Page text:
In circumstances of intense social conflict, genomic knowledge promises to provide a basis for recognition and reconciliation (Nelson). In such circumstances, genetic knowledge might very well serve to undermine or shatter illusions of racial/national/ethnic superiority or exclusivity – a perspective which may have been at the bottom of Bill Clinton’s declaration that the decoding of the genome had shown race to be an outmoded concept. Genomic knowledge offers itself up as a positive social force, promoting inclusion and recognition along with the possibility for reconciliation and reparations for past injustices:

With reconciliation projects, the insights of genetic science are applied to the discovery or confirmation of ancestry in the hopes of securing social inclusion, including rights and reparation. But to what extent can DNA identification be efficacious for African diasporic and/or racial reconciliation? What might be the consequences of the genetic mediation of African diasporic cultural politics that have historically involved social movement tactics and civil rights organizations? ....reconciliation projects also raise interesting and fraught contradictions: they threaten to reify race in the pursuit of repair for injury; they suggest how justice pursuits can be uneasily intertwined with commercial enterprises; they may substitute genetic data for the just outcomes that are sought, and indeed, they demonstrate well that facts may not, in and of themselves, secure justice” (Nelson, 29)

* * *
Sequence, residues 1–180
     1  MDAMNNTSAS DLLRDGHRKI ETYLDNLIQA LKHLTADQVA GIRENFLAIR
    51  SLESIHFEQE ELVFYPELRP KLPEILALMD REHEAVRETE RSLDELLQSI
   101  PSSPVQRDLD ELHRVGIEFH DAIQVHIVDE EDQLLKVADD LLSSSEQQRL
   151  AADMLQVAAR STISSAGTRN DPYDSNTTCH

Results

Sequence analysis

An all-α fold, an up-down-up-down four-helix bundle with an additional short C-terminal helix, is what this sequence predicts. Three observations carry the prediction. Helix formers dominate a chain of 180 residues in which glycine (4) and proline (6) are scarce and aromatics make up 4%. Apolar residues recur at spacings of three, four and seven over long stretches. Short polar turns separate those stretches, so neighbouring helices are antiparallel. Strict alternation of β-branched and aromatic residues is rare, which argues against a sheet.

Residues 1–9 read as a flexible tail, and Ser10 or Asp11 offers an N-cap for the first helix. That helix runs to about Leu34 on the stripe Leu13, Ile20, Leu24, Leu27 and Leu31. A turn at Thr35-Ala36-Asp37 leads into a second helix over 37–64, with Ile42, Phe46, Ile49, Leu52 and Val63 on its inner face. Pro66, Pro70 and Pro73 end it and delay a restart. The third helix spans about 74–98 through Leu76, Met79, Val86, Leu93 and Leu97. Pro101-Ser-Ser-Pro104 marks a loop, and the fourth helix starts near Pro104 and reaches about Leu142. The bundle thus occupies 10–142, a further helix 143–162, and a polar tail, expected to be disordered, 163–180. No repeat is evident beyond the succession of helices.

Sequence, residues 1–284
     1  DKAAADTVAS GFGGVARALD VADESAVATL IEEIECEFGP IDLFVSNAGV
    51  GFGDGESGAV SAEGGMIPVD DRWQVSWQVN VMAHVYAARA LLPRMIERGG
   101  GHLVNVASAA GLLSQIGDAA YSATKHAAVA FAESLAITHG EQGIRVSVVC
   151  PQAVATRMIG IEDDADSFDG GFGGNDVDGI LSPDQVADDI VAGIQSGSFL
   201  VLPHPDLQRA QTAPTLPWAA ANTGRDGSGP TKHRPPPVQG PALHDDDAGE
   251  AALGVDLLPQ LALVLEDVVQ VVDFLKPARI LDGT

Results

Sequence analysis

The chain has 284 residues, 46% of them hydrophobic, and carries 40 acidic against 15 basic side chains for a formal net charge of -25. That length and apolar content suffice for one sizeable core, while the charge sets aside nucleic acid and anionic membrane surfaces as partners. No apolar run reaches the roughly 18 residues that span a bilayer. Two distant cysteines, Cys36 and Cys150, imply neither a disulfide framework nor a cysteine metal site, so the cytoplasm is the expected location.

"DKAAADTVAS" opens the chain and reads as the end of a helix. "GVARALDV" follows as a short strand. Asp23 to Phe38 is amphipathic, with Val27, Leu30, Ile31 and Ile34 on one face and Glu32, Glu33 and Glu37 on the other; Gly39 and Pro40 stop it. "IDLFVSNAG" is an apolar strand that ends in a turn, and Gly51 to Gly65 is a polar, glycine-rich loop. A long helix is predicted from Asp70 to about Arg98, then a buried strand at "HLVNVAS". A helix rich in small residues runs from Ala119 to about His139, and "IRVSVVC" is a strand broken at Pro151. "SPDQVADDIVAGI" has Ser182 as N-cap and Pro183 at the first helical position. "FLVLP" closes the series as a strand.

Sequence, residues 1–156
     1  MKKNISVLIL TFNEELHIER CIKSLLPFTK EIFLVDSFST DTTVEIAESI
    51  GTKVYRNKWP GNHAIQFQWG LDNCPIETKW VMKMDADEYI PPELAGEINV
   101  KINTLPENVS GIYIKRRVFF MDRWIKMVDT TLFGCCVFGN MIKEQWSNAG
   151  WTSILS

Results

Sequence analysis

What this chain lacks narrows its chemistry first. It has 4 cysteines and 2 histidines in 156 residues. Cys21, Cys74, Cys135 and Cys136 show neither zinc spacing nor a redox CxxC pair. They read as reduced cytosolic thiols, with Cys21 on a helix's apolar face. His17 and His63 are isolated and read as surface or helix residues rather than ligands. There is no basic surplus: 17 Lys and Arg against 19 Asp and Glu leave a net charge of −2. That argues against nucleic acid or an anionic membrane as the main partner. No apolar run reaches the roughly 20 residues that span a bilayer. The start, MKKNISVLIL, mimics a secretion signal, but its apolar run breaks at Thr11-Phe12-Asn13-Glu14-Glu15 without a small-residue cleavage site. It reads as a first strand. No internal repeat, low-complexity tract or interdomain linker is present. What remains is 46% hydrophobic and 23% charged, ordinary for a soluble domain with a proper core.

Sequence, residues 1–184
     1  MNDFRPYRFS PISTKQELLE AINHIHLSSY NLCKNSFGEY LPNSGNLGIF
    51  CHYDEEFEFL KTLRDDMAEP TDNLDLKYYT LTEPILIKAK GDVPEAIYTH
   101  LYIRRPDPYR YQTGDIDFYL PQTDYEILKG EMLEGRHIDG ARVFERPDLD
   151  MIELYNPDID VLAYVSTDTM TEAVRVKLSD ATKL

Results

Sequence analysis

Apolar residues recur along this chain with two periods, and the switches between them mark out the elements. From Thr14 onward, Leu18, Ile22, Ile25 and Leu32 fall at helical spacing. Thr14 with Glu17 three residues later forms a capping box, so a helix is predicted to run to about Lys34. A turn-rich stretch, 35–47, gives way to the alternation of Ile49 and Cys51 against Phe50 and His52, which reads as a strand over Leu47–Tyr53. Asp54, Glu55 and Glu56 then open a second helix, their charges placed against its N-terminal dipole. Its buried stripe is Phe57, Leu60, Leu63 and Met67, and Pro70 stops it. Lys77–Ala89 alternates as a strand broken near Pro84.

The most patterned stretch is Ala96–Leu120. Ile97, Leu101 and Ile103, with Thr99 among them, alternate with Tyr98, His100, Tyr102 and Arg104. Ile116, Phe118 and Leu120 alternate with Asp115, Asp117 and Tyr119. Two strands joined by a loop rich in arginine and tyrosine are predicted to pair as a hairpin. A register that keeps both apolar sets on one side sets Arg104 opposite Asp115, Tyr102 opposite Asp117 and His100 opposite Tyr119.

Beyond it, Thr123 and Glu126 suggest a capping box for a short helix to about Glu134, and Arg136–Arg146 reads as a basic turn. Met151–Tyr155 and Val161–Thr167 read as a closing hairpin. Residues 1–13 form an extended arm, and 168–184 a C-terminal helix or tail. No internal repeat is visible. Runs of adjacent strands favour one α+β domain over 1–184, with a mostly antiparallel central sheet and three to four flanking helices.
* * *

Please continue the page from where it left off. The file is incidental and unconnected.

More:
So, not all is bleak nor are we heading irresistibly towards a velvet neo-eugenics, but neither do we have any assurance that another bar is not about to be welded to the Iron Cage.

Catherine Lee’s essay “The Unspoken Significance of Gender in Constructing Kinship, Race, and Nation” reminds the reader that while the meaning and use of race is central in the unsettled genomic era; categories and assumptions about gender are called into question, but left unresolved and under-examined. For example, in the tracing of genealogical descent by male linage, a practice where women appear as breaks or gaps in the genealogical line of descent. The effacement of gender in genealogical practice brings claims of descent into question these are, finally, claims about the descent and distribution of property as they are about genetics.

People conceive of nations as imagined communities, wherein members can conceptualize links to one another across time or generations or space that are preternatural.... We can also see the ways in which DNA testing, in the context of the family, can literally transform the family into a microcosm of the nation.... Genetic genealogy that ignores complex gendered processes is not unlike other nation-building activities, which rely on the symbolic and physical work of men and women’s bodies while denying the existence of such efforts” (Lee, 36-38).